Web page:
Al Gore and David Blood, the founders of Generation Investment Management, have called for the creation of a sustainable investment consultancy as part of a sweeping blueprint to “re-energise” sustainable finance, which they argue has reached a plateau.
“We support the creation of an independent investment consultancy focused on providing high quality advice on the relative attractiveness of sustainable investment products as well as on sustainable asset allocation,” the pair say in a new report. It would create “healthy competition” in the mainstream investment consulting industry, where sustainability “has not yet penetrated”.
The duo, who set up Generation in 2004, have put their thoughts into a new 33-page paper called simply ‘Sustainable Capitalism’, which builds on their “A Manifesto for Sustainable Capitalism” published in the Wall Street Journal last December.
Drawing on advice from more than 70 high-level experts, the paper makes the economic case for mainstreaming Sustainable Capitalism – saying it’s not a trade-off with profit but indeed actually fosters superior long-term value creation.
“Sustainability has plateaued – if anything it’s gone backwards,” Blood, the former chief executive of Goldman Sachs Asset Management, told a briefing. “We’ve not made the business case well enough.”
The paper, which is aimed at the investor and capital markets community, puts forward five key actions for immediate adoption. They are:
- Identify and incorporate risks from stranded assets – i.e. whose value can change dramatically, e.g.: carbon or water price
- Integrated reporting – this could be mandated by exchanges or regulators
- End quarterly earnings guidance – promotes short-termism
- Compensation structures – should be aligned with long-term sustainable performance
- “Loyalty-driven securities” – to encourage long-term investing“The discussion around the business case for sustainability has not been short on words but the follow-through has been short on actions,” Gore and Blood argue in the report.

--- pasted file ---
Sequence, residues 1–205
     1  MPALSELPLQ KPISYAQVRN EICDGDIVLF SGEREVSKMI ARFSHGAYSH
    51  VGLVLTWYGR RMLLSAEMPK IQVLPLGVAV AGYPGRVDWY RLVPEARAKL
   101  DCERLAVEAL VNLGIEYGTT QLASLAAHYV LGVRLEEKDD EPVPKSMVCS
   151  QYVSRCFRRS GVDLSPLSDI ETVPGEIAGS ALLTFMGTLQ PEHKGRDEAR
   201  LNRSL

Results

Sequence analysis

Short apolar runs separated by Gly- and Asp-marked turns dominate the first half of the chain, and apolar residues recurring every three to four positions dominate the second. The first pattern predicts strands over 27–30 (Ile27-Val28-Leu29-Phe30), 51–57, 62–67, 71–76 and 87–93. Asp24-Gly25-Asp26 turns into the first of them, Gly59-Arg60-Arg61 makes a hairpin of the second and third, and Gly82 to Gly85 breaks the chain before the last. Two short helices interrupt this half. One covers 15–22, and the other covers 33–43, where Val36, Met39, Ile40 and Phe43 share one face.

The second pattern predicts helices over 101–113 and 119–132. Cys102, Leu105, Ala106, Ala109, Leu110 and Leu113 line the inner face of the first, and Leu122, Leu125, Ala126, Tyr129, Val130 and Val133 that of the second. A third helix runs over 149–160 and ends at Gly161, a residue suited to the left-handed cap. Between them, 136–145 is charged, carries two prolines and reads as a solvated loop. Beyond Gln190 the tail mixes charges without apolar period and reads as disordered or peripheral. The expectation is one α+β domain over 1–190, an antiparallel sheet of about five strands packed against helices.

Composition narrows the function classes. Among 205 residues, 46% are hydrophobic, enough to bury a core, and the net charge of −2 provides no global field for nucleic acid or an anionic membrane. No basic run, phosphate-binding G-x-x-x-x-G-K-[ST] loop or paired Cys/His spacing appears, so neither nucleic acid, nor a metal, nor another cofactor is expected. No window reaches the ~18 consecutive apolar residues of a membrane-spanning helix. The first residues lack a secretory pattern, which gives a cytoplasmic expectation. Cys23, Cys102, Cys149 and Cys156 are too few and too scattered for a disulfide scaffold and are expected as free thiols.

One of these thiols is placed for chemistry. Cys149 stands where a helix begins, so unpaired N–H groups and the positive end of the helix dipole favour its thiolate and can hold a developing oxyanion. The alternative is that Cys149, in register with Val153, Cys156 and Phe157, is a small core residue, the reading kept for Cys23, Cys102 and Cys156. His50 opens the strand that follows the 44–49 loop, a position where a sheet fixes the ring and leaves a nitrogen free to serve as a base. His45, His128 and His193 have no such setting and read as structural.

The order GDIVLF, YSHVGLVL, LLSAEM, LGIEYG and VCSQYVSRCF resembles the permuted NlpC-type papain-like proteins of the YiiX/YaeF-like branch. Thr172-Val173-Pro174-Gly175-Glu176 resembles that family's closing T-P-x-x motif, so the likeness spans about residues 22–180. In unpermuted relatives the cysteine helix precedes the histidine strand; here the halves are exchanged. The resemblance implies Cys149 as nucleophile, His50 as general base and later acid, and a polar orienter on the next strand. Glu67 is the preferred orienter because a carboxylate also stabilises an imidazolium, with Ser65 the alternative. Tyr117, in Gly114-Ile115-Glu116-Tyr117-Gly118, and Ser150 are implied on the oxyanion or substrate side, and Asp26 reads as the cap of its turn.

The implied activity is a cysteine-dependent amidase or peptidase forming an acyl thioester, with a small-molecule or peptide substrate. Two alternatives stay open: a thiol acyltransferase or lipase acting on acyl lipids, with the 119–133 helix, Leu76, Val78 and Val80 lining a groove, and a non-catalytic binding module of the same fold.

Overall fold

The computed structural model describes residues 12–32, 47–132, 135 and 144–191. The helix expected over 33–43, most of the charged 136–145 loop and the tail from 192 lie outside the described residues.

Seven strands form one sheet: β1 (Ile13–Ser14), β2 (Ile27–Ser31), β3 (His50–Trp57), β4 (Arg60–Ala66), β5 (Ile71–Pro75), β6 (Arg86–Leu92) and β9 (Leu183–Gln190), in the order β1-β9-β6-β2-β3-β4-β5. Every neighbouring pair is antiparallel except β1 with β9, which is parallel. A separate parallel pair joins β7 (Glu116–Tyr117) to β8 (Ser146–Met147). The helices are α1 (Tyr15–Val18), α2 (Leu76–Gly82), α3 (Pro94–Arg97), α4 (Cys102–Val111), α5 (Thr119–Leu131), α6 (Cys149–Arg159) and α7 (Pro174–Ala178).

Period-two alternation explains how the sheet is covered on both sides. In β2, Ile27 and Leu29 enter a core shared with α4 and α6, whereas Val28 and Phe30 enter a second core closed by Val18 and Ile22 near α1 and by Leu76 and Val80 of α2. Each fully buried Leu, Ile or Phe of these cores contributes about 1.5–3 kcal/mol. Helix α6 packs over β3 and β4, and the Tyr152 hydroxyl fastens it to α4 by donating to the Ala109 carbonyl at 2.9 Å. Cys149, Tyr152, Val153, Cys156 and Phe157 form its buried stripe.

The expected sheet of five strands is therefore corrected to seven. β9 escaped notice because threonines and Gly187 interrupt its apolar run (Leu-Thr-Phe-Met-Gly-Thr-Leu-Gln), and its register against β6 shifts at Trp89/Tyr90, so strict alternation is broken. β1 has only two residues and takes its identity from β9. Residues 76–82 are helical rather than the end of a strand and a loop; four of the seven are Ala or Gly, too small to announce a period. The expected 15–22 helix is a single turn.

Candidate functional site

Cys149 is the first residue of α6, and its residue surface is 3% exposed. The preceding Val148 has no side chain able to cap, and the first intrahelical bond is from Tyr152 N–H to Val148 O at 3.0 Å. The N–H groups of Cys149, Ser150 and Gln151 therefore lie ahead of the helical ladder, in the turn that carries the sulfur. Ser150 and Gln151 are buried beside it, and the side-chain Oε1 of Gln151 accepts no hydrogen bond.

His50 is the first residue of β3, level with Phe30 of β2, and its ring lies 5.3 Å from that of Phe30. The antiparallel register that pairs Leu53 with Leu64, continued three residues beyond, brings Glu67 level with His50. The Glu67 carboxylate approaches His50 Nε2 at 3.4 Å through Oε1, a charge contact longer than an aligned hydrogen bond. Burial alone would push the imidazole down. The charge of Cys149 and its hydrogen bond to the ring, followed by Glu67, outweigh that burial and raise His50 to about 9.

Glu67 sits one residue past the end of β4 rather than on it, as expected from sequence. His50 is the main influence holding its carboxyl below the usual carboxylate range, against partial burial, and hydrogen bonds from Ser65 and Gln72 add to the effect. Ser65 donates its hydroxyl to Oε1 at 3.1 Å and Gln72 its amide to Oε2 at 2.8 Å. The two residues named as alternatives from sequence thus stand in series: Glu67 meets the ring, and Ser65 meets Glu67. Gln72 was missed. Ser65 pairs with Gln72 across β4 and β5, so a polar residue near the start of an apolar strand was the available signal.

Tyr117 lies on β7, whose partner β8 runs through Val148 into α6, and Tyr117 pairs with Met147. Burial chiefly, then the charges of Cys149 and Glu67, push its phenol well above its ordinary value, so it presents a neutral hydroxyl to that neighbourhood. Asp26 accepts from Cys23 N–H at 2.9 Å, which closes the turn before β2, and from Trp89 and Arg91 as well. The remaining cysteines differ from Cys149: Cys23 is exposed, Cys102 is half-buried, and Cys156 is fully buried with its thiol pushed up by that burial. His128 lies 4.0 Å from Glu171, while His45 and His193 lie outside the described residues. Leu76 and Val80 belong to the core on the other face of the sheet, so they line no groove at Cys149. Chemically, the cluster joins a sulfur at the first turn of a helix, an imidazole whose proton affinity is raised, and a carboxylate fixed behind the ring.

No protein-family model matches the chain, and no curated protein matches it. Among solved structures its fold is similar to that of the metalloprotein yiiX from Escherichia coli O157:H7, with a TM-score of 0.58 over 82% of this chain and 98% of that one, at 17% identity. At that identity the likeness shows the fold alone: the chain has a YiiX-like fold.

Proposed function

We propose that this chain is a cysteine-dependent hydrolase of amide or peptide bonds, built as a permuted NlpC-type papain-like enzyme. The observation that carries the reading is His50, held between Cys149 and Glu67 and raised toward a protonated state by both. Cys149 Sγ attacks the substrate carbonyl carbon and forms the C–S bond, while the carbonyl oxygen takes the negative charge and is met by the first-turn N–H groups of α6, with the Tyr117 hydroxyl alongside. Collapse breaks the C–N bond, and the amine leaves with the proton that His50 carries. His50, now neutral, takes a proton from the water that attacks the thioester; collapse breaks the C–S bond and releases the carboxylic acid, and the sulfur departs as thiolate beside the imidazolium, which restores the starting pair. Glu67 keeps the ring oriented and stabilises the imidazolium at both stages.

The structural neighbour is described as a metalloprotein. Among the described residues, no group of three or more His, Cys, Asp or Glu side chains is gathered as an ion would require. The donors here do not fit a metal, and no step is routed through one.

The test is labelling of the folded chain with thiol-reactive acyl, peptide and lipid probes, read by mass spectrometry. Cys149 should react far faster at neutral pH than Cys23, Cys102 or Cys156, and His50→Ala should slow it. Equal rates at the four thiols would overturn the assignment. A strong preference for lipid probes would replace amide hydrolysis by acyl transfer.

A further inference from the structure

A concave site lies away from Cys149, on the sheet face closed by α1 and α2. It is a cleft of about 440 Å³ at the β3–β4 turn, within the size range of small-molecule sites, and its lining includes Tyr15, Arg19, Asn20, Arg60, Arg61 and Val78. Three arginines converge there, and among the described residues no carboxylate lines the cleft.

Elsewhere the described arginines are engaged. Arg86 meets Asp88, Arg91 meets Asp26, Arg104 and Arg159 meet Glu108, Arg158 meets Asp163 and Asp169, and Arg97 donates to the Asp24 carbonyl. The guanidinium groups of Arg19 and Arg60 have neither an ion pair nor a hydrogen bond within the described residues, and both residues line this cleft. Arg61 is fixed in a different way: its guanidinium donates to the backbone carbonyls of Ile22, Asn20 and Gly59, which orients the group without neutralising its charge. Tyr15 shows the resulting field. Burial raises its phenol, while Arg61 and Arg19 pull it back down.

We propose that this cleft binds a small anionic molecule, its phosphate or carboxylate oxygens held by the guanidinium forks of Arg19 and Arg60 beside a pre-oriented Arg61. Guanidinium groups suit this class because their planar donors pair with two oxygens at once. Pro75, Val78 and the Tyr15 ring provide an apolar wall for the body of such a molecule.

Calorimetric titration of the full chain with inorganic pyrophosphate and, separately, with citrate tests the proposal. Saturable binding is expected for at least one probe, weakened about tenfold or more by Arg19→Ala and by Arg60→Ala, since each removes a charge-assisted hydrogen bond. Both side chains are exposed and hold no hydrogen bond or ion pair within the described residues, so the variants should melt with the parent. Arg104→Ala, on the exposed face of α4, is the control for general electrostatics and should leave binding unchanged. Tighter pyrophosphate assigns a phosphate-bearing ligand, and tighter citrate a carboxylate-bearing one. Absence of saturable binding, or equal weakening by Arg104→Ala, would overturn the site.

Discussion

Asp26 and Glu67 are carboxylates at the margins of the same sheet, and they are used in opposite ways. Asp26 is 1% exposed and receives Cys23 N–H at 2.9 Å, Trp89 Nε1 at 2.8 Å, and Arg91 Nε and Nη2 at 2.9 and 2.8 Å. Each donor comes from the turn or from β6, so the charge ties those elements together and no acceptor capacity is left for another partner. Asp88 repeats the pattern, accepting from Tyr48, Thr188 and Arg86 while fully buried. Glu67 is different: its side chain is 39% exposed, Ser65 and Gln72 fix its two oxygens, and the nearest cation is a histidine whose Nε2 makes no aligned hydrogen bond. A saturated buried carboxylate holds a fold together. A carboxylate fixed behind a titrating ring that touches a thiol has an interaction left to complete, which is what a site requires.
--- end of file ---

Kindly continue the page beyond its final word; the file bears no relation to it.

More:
They point to the $30trn of assets signed up to the UN Principles for Responsible Investment – some 20% of the world’s capital – and say: “If the majority of those assets were actually shifted into truly sustainable investment models, the effect would be dramatic and would signal that Sustainable Capitalism is entering the mainstream.”
Asset owners should proactively ask their fund managers “direct and pointed questions” about how they are considering environmental, social and governance (ESG) factors in the investment decision process. The paper says asset managers should be subject to rolling multi-year performance milestones: “We therefore urge asset owners to evaluate and benchmark the compensation and performance fee structure of asset managers to assess whether or not they truly have embedded a long-term horizon in their practices.” And it proposes that the pay structures for both corporate executives and asset managers be revised (“either through voluntary action, board mandate, or pressure from asset owners”) to be aligned with long-term financial and ESG performance.
Former US Vice President and Noble Prize Laureate Gore, speaking via a TV link from New York, likened stranded assets such as carbon “externalities” to sub-prime mortgages in the run-up to the financial crisis.
“By analogy we now have trillions of sub-prime carbon assets – the real value of those assets are concealed,” he said.
Other issues identified for discussion include reinforcing the idea that sustainability is a fiduciary issue, expanding the range and depth of sustainable investment products, reconsidering GDP as a measure of growth and the integration of sustainability into business education.
Both said they were personally supportive of financial trading taxes, with Blood pointing to the UK’s existing stamp duty as an example.
See downloads – left hand column – to read Sustainable Capitalism